It seems as if every day presents a new challenge for my partner. His health condition remains difficult, but let me assure you, he is fairing as best as he can. He is working part-time, resting and eating well. However, his medical condition remains fragile, and messes with his head. Literally. He can’t think logically and easily gets overwhelmed, which results in confusion, agitation, and bouts of emotion.
We are in it for the long-haul. I am as committed to him as ever….
He has no worries that he will be left to sort out the combination of challenges in doctor’s scientific jargon, insurance company legal-ese, or contradictory information from various books and websites.
This is what I do — I listen, read, comprehend, and continue to keep “the big picture” in mind. I advocate. Anyone and everyone who is involved deals not only with my partner (in a physical sense), but with me as his personal healthcare advocate.
My partner will get well. He will. It will take time, but he will improve. I have faith. I exude that faith in every interaction with my partner so he feels better — mentally anyway. A positive attitude goes a long, long way to helping improve his outlook. It would be easy for him to wallow in doubt, self-pity, and anger. I continue to make him laugh, and to smile whenever I am around him.
The most recent update — more tests have confirmed beyond a doubt that he is demonstrating the symptoms of a lingering, long-term chronic illness that is hard to beat. The bug that is causing it has crossed the blood-brain barrier. Few drugs taken orally pass that barrier.
Treatment with antibiotics administered intravenously is the next step. IV antibiotics cross the blood-brain barrier more readily.
And now we also have a physical complication due to a hernia that he developed just a few days ago. Sheesh!
Through six hours of patient persistence with his health insurance company, three doctors, and probably a couple turtle doves and a partridge in a pear tree, I have orchestrated the least invasive treatment so he will get his hernia repaired and I.V. antibiotic treatment at the same time, and done as an in-patient (that is, in a hospital instead of some doc-in-the-box outpatient facility.) I swear, health insurance companies only support the cheapest route, even if it is not the best choice for the patient’s care based on his overall condition.
A hernia repair is a quick procedure. Provided all goes well, he should be in and out of the hospital in one day. The I.V. antibiotic treatment will continue for 30 more days after I bring him home. I will do whatever he needs. Thank goodness for training as an EMT a long time ago. I think I can handle a PICC line. No biggie.
I fought, patiently argued, made my points, used the insurance company’s paperwork against them (that is, I pointed out their own contradictions and errors) and forced them to consider the “big picture” of why an in-patient procedure is required in his case.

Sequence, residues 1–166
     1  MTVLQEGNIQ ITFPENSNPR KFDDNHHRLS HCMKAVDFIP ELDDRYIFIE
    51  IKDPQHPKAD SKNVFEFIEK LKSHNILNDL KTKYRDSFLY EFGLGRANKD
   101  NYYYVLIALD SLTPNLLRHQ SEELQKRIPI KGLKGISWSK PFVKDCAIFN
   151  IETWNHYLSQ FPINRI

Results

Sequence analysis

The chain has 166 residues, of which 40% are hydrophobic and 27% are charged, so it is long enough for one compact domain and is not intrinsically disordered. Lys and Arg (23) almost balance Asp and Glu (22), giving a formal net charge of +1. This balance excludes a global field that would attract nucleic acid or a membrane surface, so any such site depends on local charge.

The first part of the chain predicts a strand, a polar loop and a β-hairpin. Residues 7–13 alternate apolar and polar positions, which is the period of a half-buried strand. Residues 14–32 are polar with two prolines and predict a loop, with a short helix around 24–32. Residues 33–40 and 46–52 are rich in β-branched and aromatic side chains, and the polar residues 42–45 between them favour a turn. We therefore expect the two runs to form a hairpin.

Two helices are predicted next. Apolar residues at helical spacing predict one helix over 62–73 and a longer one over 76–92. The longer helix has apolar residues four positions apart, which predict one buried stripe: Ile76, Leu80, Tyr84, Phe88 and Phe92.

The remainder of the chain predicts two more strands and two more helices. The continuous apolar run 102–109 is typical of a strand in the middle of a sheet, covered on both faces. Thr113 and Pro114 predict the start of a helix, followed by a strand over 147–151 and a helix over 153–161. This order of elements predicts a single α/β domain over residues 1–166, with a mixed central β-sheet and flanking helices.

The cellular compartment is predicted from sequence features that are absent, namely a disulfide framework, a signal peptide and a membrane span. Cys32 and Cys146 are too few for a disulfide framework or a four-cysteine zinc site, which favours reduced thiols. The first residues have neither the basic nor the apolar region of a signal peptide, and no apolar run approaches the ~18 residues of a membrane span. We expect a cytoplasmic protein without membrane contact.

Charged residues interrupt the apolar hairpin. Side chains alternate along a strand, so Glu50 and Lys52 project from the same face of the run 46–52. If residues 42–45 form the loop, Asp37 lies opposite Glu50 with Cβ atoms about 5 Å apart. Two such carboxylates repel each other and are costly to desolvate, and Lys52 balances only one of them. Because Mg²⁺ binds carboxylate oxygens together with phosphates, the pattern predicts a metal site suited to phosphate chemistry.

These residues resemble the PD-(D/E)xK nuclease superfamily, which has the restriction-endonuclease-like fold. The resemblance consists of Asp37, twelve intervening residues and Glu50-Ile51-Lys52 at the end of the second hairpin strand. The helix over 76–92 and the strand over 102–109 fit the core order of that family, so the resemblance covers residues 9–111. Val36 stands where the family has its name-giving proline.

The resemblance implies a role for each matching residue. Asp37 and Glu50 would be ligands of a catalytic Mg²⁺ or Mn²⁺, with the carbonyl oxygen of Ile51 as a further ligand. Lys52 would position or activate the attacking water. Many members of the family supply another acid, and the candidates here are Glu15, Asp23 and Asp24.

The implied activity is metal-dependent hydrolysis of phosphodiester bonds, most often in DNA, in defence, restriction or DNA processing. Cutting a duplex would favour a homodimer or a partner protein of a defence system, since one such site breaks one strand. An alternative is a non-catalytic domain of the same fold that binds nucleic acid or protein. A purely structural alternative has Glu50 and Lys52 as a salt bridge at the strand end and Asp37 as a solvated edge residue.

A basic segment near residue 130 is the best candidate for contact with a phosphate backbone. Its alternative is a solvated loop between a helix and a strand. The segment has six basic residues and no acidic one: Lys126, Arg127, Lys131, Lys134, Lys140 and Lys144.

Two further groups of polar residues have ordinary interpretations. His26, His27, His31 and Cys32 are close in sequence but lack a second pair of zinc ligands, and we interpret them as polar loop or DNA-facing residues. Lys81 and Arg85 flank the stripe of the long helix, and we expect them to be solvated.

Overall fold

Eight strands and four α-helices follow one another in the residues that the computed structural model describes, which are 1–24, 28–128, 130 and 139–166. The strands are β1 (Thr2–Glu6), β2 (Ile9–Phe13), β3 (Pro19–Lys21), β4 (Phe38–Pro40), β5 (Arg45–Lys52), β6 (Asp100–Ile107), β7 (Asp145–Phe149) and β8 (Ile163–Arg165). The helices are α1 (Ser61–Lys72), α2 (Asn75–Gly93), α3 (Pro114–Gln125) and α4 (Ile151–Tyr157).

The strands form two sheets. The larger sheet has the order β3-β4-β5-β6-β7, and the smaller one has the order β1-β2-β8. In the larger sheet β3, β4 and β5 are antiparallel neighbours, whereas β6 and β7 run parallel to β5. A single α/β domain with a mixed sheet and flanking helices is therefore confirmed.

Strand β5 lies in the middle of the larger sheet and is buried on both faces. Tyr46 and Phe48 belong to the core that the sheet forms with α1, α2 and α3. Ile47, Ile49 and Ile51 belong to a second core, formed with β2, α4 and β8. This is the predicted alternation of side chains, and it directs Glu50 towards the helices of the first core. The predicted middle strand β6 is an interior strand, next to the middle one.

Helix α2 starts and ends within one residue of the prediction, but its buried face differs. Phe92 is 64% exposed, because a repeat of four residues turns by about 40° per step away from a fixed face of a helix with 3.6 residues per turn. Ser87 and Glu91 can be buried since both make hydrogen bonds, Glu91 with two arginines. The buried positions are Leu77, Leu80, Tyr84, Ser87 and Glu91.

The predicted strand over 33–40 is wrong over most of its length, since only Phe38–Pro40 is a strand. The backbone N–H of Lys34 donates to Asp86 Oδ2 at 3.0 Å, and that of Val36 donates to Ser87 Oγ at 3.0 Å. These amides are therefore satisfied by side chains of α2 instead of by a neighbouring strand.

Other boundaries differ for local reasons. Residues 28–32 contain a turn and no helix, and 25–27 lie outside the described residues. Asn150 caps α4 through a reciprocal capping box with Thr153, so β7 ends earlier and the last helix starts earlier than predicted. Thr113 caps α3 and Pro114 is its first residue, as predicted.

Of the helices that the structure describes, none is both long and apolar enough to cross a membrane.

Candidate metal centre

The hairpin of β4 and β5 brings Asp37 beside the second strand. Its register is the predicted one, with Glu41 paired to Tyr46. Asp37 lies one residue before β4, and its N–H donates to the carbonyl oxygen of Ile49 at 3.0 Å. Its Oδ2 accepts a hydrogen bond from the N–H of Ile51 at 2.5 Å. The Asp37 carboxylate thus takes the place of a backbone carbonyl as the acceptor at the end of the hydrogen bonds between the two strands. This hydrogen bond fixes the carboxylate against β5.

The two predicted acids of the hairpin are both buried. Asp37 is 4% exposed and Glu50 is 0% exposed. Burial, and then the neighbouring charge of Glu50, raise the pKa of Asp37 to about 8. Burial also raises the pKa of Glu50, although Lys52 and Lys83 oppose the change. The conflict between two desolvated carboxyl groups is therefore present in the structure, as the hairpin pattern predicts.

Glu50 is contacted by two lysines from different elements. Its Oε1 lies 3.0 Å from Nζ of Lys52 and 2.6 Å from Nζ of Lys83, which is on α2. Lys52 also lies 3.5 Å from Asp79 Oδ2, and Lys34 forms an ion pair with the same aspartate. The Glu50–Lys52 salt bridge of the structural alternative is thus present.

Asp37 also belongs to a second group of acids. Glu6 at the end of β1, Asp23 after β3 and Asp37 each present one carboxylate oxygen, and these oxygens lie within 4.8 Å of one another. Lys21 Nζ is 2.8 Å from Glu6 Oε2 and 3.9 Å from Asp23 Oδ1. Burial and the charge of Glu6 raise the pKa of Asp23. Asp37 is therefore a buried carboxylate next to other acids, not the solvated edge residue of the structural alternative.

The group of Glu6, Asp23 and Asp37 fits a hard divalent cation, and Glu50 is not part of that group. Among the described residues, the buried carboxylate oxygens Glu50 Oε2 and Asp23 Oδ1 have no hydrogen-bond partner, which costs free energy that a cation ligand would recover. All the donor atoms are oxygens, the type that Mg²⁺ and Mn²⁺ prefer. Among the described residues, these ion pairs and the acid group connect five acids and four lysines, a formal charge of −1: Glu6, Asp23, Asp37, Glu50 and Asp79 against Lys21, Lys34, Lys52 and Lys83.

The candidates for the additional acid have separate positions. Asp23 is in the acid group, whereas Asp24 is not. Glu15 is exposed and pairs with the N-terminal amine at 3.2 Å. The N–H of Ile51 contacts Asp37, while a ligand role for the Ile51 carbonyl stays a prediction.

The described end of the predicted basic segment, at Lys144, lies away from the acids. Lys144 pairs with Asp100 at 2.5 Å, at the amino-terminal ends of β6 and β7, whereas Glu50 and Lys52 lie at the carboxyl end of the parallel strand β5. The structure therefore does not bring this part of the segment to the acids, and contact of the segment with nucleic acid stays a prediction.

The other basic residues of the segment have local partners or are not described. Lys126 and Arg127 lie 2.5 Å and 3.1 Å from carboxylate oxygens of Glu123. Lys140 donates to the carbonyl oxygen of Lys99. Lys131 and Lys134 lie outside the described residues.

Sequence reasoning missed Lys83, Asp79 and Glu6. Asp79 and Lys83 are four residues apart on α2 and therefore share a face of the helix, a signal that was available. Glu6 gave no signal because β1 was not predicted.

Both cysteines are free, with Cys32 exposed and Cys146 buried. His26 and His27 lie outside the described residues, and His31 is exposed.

If I had not done that, his insurance company would have “won” by filling our mailbox with tons of legal mumbo-jumbo and caused my partner to throw up his hands (and probably his lunch) in disgust. Sorta like what they set out to do — wear him down to the point of not fighting it any more.
But that won’t happen on my watch. Not at all. I am fierce when it comes to protecting “my own.” I fought for my uncle, I fought for my aunt, and I have fought for some senior pals. I guess I have a long history of taking on the “big guys” to make things right; to make them see the whole picture and understand the entire story; and to lay out a course of treatment that makes sense for the patient’s care as well as would work for the insurance company.
I’m not out to take advantage of the insurance company or rip it off. However, I will not, under any circumstances, let an insurance company’s “protocols” dictate a course of action that is inappropriate but based on rule-bound bureaucratic narrow-minded rules.
I broke through all that on Monday. My partner will receive coordinated care for both his hernia repair and disease treatment.
My partner’s primary care physician was so impressed that he phoned me to say that I am the first one that he was aware of who ever got that insurance company to back down and grant an exception to their standard protocols.
A good friend in the local fire department (former paramedic) commented that I should change my profession to becoming a consumer advocate.
Ha! The insurance company didn’t know who they were dealing with. Most insurance companies treat people as if they are complete idiots, so they don’t know what to do when an advocate steps in and converses in a calm, persistent, scientifically accurate, and legal level. It throws them for a loop. (giggle.)
The new initials after my name have changed from “PhD” to “KMD” — K for “Kvetch”, a Yiddish term for someone who persistently complains until he gets what he demands, and “MD” for the obvious, “medical doctor.” Well, I am not a medical doctor, but I tell ‘ya, after the past few months, I feel as if I have earned that degree in spirit.
Life is short: fight for those you love, and show them how you love them each and every minute of every day.